China / Society

Rebuilding gives poor farmer a fresh start and better life

By Huang Zhiling and Peng Chao in Baoxing, Sichuan (China Daily) Updated: 2015-02-13 07:56

Rebuilding gives poor farmer a fresh start and better life

Chen Zongqiang stands proudly in front of the new house that he built with the help of local government subsidies in April. His old home in Yanxikou village, in Baoxing county, was destroyed by the Ya'an earthquake in 2013. Huang Zhiling / China Daily

Visitors to Chen Zongqiang's new home are impressed by the sausages and bacon that are hung in his spacious, villalike, two-story house.

"It is a tradition of Sichuan people to celebrate Spring Festival with sausages and bacon. Ours is an agricultural province," the 33-year-old resident of Yanxikou village in Baoxing county, Sichuan province, said with a smile. As he spoke, his 8-year-old son lit fireworks outside their house, which is at the foot of a mountain.

The festive air might give the impression of someone who has always enjoyed a wealthy life, but Chen was once a poor farmer whose life began anew after a 7.0-magnitude earthquake hit Ya'an, the administrative center of his home county, on April 20, 2013.

Chen's family had lived in a shabby wooden house on a mountain. His mother suffered from heart disease and was paralyzed. He had to toil in the fields and do odd jobs to support his mother, wife and young son.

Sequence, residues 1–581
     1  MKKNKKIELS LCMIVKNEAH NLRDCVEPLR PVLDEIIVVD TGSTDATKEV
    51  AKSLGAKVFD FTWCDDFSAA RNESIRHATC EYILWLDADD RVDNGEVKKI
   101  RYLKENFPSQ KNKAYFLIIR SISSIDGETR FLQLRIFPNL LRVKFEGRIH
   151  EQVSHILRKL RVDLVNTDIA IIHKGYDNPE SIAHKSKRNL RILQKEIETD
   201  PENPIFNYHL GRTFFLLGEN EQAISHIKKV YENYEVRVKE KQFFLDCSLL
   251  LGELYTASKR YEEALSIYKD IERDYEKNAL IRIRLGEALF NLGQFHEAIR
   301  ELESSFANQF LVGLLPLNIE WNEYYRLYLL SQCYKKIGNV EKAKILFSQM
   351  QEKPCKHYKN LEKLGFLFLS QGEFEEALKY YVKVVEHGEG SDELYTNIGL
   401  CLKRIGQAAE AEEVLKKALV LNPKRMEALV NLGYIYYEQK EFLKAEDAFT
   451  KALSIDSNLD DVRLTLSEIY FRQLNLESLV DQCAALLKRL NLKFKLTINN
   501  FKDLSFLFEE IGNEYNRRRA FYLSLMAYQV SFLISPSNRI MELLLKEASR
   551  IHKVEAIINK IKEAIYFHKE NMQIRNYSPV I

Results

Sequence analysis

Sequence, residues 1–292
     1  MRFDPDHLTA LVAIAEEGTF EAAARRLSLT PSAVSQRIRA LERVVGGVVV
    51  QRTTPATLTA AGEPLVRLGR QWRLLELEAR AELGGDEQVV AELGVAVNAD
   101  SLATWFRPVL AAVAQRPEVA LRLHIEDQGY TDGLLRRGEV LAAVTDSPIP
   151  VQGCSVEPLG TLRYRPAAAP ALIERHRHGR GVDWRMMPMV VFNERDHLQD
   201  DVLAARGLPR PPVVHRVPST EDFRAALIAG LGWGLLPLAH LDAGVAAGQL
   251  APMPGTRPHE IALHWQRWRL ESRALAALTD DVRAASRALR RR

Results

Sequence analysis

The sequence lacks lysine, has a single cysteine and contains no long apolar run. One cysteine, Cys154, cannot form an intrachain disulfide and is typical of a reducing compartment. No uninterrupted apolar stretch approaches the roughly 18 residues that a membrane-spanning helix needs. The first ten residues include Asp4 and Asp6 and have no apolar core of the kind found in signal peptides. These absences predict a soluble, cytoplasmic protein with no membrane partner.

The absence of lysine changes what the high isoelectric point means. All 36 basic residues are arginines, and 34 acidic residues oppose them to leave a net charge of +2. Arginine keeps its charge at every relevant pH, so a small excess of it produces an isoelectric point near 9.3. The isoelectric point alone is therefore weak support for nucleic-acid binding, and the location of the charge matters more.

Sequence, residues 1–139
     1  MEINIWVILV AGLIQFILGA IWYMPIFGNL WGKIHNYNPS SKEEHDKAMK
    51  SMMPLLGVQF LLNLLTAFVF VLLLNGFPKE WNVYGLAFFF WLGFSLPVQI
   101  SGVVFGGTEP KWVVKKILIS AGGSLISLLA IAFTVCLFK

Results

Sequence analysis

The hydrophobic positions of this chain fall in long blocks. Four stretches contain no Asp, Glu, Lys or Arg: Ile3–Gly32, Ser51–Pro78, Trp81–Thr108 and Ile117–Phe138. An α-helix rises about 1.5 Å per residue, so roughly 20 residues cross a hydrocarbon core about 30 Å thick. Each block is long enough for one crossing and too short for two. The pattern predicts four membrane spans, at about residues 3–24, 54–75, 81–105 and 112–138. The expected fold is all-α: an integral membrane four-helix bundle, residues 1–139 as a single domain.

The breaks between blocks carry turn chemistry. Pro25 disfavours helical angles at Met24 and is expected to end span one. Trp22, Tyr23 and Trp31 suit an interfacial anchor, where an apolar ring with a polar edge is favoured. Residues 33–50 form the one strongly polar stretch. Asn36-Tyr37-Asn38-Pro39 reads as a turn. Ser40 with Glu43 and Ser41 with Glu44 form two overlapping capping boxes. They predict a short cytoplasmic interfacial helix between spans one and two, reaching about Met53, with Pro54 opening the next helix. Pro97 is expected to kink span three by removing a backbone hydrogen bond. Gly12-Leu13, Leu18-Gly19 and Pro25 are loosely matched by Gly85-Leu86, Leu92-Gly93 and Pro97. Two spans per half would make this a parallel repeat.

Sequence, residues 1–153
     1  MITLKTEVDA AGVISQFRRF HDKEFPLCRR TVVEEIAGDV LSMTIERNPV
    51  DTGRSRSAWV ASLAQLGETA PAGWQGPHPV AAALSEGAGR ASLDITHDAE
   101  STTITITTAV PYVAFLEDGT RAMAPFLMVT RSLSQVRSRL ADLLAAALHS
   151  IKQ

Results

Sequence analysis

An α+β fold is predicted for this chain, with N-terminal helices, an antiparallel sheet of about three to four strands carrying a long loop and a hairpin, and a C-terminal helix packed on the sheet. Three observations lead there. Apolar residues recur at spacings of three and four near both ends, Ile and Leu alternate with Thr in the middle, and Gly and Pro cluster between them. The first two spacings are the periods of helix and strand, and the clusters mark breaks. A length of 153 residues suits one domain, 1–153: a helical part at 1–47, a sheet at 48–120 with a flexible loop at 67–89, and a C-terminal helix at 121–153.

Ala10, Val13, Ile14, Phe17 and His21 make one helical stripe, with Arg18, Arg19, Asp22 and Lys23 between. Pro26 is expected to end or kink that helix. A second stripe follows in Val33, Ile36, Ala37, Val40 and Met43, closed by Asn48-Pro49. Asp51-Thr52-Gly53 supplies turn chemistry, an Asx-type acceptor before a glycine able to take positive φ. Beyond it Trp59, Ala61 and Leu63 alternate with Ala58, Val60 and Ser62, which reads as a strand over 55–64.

The earthquake destroyed Chen's house. In the aftermath, his distraught wife left the family without saying goodbye.

No one from Chen's village died in the earthquake, but 188 houses were destroyed.

The earthquake was felt in all six counties and two districts of Ya'an, affecting an area of 12,500 square kilometers and more than 1.5 million people.

Unlike the Wenchuan earthquake in 2008, Sichuan rebuilt the Ya'an quake zone through its own efforts.

Following the Wenchuan earthquake, the biggest earthquake since the founding of the People's Republic of China in 1949, the central government asked 18 provinces and municipalities to help Sichuan recover from the disaster.

After the Ya'an earthquake, Sichuan's government subsidized farmers to rebuild their damaged homes.

Sichuan Vice-Governor Chen Wenhua said: "A household of one to three people received 26,000 yuan ($4,225); one with four to five people, 29,000 yuan; and households of six or more people, 32,000 yuan. Houses were also built for childless old people and orphans, and they were allowed to live in them free of charge."

After receiving 100,000 yuan from the government and charity organizations, Chen started building his new house, with a framework of lightweight steel, in November 2013. Working every day at the site with the help of neighbors, his house was completed in four months.

His wife didn't want to return, so Chen divorced her. But he is optimistic.

"It takes me some 10 minutes to walk to Lingguan, the nearest town, from my new house. It will be easier to find odd jobs to support my family in the town, where my son is in the first grade of primary school," he said.

According to the Ya'an municipal government information office, reconstruction of the 78,792 rural houses damaged in the Ya'an quake was completed at the end of December.

"Many of the houses are like villas and in more ideal locations, with good transport facilities," said Zhou Quanzhi, deputy chief of the office.

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